Ex-minister calls for second Brexit vote

Theresa May

GETTYTheresa May is'running scared as summer recess could start early

Theresa May has bowed to pressure from Tory Brexiteers after accepting crucial changes to plans for leaving the European Union. "There is not going to be a second referendum. under any circumstances", the spokesperson told reporters.

May, vulnerable in parliament after losing her party's majority at an ill-judged election previous year, has come under fire from both wings of her party over a hard-won Brexit plan, with one ex-minister calling it the "worst of all worlds".

A Downing Street spokesman said the government would not fight the amendments because it sees them as consistent with the prime minister's plan as set out in a formal white paper last week.

Eurosceptics tabled amendments to the Government's Customs Bill aimed at imposing strict conditions on the Prime Minister after she produced a plan at Chequers that would keep the United Kingdom closely tied to Brussels' rules on goods and food.

The government is thought to have sought an agreement with Brexiter rebels that they would withdraw this amendment on the proviso that the other three be adopted, but that this has been rejected by backbenchers.

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No 10 then argued that that European Union had only ruled out collecting United Kingdom duties and tariffs at its border, and it would be necessary to have other reciprocal financial systems with the European Union to refund businesses in the event that there were differing customs arrangements between Britain and the 27-country bloc.

The prime minister also said that the taxation (cross border trade) bill, which seeks to allow the United Kingdom to implement its own customs regime after Brexit, and a related trade bill on Tuesday, were "an important part of our no-deal preparations" because both were necessary to prepare the United Kingdom for life as an independent trading nation.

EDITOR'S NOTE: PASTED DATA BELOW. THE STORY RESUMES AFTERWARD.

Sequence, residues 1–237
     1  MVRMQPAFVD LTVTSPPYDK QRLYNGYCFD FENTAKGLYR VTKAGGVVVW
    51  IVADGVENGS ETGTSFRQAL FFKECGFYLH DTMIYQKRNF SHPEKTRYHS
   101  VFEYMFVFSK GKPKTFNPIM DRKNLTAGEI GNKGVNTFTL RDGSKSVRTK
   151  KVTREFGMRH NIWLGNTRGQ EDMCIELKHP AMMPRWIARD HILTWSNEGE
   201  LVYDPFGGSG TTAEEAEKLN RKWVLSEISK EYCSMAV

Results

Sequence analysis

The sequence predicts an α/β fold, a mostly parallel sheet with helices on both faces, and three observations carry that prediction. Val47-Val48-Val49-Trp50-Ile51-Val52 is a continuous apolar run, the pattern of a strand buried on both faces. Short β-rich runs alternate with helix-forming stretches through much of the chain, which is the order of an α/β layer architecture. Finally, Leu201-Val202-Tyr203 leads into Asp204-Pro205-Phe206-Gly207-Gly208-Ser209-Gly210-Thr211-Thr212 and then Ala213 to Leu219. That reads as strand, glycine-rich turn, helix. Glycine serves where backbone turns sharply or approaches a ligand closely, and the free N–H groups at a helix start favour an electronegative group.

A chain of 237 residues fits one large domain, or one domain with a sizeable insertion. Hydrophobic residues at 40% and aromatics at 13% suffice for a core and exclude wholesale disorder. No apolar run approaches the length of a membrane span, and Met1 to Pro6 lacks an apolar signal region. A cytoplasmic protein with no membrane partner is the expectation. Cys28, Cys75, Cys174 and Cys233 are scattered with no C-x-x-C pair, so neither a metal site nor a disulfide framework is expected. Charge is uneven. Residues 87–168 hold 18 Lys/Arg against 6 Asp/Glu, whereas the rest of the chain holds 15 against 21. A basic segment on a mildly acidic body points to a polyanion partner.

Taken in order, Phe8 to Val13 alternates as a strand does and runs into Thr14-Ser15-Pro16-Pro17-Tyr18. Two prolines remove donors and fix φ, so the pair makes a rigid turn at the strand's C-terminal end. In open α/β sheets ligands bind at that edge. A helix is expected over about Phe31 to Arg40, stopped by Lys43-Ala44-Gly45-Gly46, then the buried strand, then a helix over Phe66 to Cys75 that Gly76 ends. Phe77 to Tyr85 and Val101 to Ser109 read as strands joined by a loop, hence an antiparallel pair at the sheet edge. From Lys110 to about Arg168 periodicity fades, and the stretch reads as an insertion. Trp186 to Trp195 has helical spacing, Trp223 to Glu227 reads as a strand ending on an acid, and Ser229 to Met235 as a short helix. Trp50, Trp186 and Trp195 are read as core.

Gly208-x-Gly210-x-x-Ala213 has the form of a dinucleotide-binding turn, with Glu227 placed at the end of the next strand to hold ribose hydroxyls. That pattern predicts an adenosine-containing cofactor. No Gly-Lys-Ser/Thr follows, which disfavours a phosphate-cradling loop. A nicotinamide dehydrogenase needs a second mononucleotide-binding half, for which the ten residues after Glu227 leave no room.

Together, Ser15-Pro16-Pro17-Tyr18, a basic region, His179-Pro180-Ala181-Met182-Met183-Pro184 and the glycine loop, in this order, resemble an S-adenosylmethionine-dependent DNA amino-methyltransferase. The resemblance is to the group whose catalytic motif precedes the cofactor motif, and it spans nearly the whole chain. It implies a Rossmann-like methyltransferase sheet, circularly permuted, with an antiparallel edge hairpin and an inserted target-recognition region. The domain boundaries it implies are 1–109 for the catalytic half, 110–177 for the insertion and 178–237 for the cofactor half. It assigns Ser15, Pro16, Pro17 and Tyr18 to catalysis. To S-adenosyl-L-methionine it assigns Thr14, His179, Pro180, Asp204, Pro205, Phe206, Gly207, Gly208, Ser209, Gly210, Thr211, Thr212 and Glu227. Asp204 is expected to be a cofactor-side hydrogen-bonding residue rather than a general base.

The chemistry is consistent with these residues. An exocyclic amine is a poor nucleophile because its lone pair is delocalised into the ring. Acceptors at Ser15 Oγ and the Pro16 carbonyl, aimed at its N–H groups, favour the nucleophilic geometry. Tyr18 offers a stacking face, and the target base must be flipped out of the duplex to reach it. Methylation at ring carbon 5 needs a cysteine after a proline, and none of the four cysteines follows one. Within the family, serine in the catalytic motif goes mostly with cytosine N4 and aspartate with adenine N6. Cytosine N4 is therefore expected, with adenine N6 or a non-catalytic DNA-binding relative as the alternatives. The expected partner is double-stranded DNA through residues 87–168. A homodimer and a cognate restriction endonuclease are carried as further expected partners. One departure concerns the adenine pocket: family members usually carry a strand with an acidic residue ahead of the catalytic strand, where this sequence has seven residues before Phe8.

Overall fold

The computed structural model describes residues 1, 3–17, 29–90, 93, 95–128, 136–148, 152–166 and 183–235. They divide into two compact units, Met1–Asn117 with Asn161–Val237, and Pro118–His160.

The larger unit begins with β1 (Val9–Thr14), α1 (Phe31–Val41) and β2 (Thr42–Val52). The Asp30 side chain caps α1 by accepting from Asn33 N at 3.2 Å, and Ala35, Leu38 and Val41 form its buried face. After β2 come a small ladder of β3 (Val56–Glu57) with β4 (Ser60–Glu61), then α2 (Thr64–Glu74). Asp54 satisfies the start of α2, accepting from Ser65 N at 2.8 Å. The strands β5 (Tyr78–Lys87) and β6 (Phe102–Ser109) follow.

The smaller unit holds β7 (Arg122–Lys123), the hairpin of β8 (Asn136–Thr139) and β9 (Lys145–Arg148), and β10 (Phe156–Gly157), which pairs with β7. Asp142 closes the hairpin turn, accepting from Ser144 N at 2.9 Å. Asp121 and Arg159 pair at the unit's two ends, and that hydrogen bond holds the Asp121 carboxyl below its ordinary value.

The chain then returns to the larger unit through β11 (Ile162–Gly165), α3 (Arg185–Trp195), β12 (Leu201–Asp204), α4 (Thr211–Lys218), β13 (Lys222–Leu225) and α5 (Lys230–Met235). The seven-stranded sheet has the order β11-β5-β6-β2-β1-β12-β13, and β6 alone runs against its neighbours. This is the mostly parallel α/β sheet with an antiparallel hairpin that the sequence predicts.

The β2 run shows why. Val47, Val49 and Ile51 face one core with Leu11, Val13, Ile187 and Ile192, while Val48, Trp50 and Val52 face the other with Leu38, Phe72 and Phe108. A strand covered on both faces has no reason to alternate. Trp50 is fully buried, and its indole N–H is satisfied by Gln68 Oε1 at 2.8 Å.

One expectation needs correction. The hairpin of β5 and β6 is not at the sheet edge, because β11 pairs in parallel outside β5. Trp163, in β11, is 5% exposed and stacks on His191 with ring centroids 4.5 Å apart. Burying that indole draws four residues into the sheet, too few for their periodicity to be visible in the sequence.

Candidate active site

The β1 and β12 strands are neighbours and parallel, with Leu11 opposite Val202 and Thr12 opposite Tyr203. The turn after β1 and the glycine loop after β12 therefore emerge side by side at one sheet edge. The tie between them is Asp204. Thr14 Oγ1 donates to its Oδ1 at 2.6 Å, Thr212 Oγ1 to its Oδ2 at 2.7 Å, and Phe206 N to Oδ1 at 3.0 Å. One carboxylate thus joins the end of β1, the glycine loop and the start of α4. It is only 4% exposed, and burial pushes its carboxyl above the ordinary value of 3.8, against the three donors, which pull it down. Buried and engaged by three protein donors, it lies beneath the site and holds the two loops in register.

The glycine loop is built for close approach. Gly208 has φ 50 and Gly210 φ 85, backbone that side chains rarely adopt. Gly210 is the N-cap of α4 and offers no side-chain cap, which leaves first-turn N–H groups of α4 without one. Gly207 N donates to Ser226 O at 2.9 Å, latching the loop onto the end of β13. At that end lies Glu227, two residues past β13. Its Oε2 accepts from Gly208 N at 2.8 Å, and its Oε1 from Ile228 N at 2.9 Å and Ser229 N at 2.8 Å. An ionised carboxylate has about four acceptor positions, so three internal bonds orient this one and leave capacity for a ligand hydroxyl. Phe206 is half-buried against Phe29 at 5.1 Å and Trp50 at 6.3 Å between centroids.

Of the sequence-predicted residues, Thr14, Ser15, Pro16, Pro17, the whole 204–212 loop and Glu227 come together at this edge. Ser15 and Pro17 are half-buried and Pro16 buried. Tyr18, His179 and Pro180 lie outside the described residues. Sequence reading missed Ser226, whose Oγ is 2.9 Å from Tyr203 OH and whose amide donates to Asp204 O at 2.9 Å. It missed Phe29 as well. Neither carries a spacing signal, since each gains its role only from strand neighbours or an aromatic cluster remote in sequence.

FILE PHOTO: Britain's Prime Minister Theresa May arrives for the second day of a North Atlantic Treaty Organisation summit in Brussels, Belgium, July 12, 2018.

It came as a former minister, Justine Greening, became the highest-profile Conservative MP to back the idea of a referendum on the terms of the UK's Brexit deal.

Mrs May faced a potential revolt on the Taxation (Cross-border Trade) Bill, often referred to as the Customs Bill.

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Her Brexit negotiating strategy, which aims for a close relationship with the European Union after Britain leaves the bloc in March 2019, was only agreed with her cabinet earlier this month after two years of wrangling.

"The reality is parliament is now stalemated".

Former Cabinet minister Ms Patel, who tabled the amendment calling for reciprocal action on collecting tariffs, said the move was "constructive". She added: "I have always said I'm in this for the long term".

Jacob Rees-Mogg, an arch eurosceptic who proposed the amendments, said he did not expect the bill, or another bill on trade due to be debated on Tuesday, to be blocked outright by the 650-member parliament.

"I wanted the prime minister's Chequers agreement to be a workable compromise", she wrote in The Times.

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